I returned the Nanuk Nano 320.
I knew the venerable Pelican 1060 case–a favorite in the QRP community–would accommodate the KH1.
This yellow 1060 case came with Ruby (my KX1), but I own another that now houses my MTR-3B SOTA kit (see photo at top of post).
The Nanuk Nano 330 easily accommodates the KH1, with a little bit of room to spare.
If you like Nanuk’s latching mechanism and the silicon/rubber organization net inside, this might be your choice watertight case. I don’t believe the interior is quite spacious enough to hold a throw line and wire antenna too, though.
The Evergreen 56 is roughly the same size of the Pelican 1060, so it will easily accommodate the KH1 and extras.
Evergreen uses a rotating round latch to prevent the case from opening up accidentally. They even include a small plastic key to lock the round latch on the front. I feel this is unnecessary, so I actually tuck away the key elsewhere.
As with the Nanuk cases, the Evergreen has a silicon/rubber hammock inside to help with organization. The Evergreen 56 will easily accommodate the KH1 and I’m sure you could squeeze an antenna and throw line/rock sack inside too. With the interior rubberized padding removed, it’ll hold much more. You’ve seen this case before in one of my QCX-Mini field reports and videos.
The Pelican 1050 is a great choice for holding the KH1, throw line, throw weight, earphones, and wire antenna.
Its capacity is similar to the 1060 overall, but it’s a shorter, deeper case.
This is one of my preferred options for the larger KH1 field kit. It’s also one of the more affordable “larger” compact cases!
As I mentioned in the video, Amazon accidentally sent me the M50 when I initially ordered the M40. They gave me a return code if I decided to send it back, but instead, I’ve decided to keep it as it easily accommodates the KH1 and extras. In fact, I believe this may also be a great case for my KX1, KX2, and other field radios.
It’s very similar in size to the Pelican 1060, but a little deeper.
Certainly a great option!
I really wanted the Pelican R40 Ruck Case to work because I’ve always liked this particular case series for its internal organization.
The R40 features a lift-out tray with Molle-like attachment points and a silicon hammock/net in the lid.
Sadly, the case simply isn’t deep enough to accommodate the KH1 with the interior tray in place (see above).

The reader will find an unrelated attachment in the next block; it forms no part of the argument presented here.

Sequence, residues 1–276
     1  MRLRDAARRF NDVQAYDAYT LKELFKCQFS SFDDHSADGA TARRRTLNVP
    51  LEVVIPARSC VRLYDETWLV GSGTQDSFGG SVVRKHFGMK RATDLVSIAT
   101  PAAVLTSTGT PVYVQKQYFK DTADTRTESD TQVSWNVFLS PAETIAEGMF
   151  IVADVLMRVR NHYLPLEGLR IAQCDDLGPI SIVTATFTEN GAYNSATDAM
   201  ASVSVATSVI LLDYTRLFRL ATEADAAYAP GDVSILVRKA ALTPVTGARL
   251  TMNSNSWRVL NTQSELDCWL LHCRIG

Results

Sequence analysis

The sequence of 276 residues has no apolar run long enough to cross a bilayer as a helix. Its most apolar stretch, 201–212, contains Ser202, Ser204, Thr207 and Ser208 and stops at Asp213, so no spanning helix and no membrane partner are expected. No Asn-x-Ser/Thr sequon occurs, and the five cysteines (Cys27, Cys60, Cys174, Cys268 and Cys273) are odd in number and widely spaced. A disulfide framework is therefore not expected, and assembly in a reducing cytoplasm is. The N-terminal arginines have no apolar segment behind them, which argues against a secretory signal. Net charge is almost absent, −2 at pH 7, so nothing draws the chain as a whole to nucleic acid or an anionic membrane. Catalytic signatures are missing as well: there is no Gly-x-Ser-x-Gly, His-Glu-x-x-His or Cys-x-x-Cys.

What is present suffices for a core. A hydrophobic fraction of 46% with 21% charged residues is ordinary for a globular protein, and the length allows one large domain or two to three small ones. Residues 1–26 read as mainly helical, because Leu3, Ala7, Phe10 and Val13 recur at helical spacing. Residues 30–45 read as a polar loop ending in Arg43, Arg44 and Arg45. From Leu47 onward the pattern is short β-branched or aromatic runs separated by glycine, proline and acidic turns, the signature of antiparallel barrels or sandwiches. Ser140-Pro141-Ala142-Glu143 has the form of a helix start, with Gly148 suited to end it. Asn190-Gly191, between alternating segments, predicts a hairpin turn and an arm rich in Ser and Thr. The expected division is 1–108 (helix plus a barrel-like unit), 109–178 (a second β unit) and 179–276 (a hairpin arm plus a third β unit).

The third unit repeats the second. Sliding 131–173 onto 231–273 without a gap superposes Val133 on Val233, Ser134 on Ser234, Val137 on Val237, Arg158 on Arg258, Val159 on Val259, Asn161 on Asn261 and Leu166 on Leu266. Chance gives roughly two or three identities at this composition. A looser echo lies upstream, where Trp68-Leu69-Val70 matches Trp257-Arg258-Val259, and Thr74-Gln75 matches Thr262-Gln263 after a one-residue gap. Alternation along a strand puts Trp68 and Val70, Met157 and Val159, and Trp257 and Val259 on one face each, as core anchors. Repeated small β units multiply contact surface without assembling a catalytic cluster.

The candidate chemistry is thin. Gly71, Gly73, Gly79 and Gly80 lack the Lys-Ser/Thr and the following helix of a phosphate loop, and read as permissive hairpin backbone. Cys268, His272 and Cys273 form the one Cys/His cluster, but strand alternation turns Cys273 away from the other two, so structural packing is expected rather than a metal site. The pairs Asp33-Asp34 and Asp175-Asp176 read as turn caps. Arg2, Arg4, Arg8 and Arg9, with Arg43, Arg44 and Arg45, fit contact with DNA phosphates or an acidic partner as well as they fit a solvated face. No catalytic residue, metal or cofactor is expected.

It quite easily fits with the KH1 (with room to spare) when the tray is removed, but I feel like the other options above are better fits, are less bulky, and can be purchased at a much better price than the R40. I do believe the larger Pelican R60 might work, but it’s quite a large case and beyond what I need for the KH1. I returned the R40.
In this video, I demonstrate how all of these cases compare and how they might work with the Elecraft KH1:
I really like the Pelican M40 even though I have to remove the whip to store it inside. At the end of the day, this is really no inconvenience because I have to remove the whip from the KH1 side clips to put this radio on the air anyway. The M40 perfectly accommodates the full KH1 “Edgewood” package and earbuds. The Nanuk Nano 330 also works well, but I personally prefer the less bulky Pelican line.
For the larger kit that can accommodate the KH1, earbuds, throw line, throw weight/sack, and a random wire antenna, I like the Pelican 1050, Pelican 1060, and Pelican M50 best. They’re all great options.
Thank you for geeking out with me!
I’m not ashamed to admit that I’m a bit of a pack, case, and organization geek. I loved making this video and report and hope it can help others who are looking for a good watertight case for the KH1 or other radios.
Of course, I’d also like to send a special thanks to those of you who have been supporting the site and channel through Patreon and the Coffee Fund. While certainly not a requirement as my content will always be free, I really appreciate the support.
Thanks for spending part of your day with me!
Cheers & 72,